All About Jazz needs your help and we have a deal. Pay $20 and we'll hide those six pesky Google ads that appear on every page, plus this box and the slideout box on the right for a full year! You'll also fund website expansion.
For his sophomore effort, Danish guitarist/composer Torben Waldorff unleashes a strong album which gives his listeners more of the same and then some. Waldorff, who is now based out of Malmo, Sweden, had previously enjoyed a well-received album of a live performance, Brilliance (ArtistShare, 2007). On this studio-made album, Waldorff stays with the same formula but turns the heat up quite a bit.
The most influential catalysts on this session are provided by saxophonist Donny McCaslin (returning from Brilliance), and keyboardist Sam Yahel, whose work on Hammond B-3 organ, Fender Rhodes and piano give Afterburn a distinctive edginess. Waldorff writes attractive themes for this session and it seems, regardless of the tempo, that both McCaslin, and Yahel leave their own respective mark on most of these compositions.
Waldorff is not heard in solo until the third track "Espresso Crescent," where he goes toe-to-toe with McCaslin. The guitarist is not playing in any sort of free-jazz mode. Rather, he seems greatly influenced by Pat Metheny's early ECM period style. McCaslin, on the other hand, turns each opportunity into a squalling post-Coltrane solo regardless of tempo. On "Heimat," an introspective ballad, the saxophonist comes closest to a melodic solo, while on the like-minded "Skyliner" he unleashes two jagged improvisations. On the latter, the versatile Yahel shows his piano skills with a forceful solo.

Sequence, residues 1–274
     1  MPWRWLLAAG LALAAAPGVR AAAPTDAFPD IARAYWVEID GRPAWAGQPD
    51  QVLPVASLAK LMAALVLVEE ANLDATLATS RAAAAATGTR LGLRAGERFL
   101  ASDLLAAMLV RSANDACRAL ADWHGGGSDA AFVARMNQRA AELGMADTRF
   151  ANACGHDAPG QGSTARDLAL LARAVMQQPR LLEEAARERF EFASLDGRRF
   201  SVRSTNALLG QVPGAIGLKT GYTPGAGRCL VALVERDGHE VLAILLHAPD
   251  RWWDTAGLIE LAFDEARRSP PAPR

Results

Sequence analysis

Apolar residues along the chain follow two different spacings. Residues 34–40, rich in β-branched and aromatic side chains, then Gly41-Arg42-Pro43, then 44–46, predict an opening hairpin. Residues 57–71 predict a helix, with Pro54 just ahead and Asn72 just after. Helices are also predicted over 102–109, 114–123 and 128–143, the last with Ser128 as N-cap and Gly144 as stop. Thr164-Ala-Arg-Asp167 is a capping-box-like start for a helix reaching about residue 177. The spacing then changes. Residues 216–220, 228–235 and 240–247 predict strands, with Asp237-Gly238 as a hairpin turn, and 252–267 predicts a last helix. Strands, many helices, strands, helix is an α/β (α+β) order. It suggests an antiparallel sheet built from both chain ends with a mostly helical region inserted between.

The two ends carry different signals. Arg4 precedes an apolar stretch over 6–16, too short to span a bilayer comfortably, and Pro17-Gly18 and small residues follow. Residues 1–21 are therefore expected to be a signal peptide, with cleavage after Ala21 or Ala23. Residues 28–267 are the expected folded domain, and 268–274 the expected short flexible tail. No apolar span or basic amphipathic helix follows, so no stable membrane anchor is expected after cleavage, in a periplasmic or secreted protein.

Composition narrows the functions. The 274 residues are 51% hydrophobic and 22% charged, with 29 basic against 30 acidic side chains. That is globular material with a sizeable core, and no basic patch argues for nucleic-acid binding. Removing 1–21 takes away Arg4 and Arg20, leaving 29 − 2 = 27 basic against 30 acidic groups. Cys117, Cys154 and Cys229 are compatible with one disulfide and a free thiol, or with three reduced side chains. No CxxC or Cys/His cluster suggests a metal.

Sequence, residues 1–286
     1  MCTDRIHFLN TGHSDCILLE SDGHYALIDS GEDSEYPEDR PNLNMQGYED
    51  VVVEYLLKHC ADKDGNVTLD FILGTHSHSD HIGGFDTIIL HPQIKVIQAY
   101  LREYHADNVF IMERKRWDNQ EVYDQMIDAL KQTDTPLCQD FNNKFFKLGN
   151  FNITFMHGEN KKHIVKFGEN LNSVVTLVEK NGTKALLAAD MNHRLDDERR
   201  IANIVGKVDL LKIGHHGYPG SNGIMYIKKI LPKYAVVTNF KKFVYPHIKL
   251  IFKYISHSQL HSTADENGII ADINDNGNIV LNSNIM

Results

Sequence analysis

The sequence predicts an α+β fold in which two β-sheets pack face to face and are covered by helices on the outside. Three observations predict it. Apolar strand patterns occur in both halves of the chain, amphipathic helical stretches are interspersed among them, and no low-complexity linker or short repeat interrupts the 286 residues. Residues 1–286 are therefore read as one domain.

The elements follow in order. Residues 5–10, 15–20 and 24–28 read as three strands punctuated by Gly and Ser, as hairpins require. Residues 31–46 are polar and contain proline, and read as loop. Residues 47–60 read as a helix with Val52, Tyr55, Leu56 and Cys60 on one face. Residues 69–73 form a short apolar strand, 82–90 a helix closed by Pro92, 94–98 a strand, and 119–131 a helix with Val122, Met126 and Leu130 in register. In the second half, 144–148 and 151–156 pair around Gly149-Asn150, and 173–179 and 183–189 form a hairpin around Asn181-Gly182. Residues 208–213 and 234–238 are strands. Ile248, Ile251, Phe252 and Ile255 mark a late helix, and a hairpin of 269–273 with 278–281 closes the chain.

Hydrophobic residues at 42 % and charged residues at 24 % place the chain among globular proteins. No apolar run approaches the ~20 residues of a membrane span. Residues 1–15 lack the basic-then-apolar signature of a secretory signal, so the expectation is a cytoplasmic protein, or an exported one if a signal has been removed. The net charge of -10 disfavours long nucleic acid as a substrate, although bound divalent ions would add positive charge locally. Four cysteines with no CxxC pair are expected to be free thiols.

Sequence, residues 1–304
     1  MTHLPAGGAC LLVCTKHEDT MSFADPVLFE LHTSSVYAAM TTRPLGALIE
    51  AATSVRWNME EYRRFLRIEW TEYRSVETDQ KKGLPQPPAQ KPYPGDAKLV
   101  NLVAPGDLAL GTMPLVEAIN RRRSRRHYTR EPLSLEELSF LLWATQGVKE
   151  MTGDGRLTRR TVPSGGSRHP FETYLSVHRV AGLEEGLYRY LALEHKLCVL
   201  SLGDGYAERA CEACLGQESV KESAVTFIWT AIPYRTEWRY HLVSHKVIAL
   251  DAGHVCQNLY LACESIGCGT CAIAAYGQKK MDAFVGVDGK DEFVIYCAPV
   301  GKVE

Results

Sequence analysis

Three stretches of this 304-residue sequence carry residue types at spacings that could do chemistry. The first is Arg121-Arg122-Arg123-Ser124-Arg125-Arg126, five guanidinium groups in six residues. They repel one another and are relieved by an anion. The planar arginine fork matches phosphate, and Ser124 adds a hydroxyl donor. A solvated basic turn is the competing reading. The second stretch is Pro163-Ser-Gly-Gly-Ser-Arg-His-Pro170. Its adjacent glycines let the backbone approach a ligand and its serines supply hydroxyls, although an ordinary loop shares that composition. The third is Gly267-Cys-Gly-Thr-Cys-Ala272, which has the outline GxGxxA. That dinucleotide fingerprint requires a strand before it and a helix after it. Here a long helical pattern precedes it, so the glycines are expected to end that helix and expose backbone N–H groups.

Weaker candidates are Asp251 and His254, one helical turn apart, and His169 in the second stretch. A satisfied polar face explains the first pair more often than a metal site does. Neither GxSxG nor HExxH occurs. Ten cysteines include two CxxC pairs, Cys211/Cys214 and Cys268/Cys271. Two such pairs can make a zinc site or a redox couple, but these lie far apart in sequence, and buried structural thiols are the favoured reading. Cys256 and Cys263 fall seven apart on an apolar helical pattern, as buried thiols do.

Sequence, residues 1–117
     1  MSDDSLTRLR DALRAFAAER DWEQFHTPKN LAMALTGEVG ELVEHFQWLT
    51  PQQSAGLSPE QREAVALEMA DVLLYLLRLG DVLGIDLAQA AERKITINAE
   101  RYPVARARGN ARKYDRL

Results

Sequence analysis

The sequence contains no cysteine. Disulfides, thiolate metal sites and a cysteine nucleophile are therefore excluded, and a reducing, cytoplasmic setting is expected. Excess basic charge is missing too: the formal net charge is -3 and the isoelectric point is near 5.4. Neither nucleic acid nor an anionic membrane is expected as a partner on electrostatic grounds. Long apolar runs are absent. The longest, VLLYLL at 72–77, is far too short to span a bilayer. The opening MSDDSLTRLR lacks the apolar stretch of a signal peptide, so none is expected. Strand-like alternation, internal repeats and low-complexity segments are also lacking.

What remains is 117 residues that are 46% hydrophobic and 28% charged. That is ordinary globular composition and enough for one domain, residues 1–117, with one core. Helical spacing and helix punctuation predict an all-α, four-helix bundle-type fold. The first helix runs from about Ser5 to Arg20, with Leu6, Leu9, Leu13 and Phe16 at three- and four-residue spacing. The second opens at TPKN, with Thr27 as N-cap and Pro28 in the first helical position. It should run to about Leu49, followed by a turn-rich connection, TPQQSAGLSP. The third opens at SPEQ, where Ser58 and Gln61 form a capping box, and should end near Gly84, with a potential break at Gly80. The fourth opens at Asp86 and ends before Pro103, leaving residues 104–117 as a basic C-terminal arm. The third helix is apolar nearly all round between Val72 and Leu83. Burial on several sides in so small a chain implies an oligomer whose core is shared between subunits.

The pulse of this oft-propulsive album is well tended by Matt Clohesy on bass and Jon Wikan, also known as trumpeter Ingrid Jensen's drummer and husband.
Track Listing: Daze; JWS; Espresso Crescent; Choro Dancado; Heimat; Squealfish; Eel Thye Deeflat;
Skyliner; Man In The Black Hat.
Personnel: Torben Waldorff: guitar; Donny McCaslin: tenor sax; Sam Yahel: piano, Fender Rhodes, organ; Matt Clohesy: bass; Jon Wikan: drums, percussion.
I love jazz because anything is possible; it has few rules and the best jazz breaks those ones. I prefer free improv because it doesn't really have any rules at all.
I was first exposed to jazz in my teens (in the late sixties).
The first jazz record I bought was Filles de Kilimanjaro by Miles Davis, shortly followed by Extrapolation by John McLaughlin.
My advice to new listeners is to listen as widely as possible and not to make snap judgments--stick with it.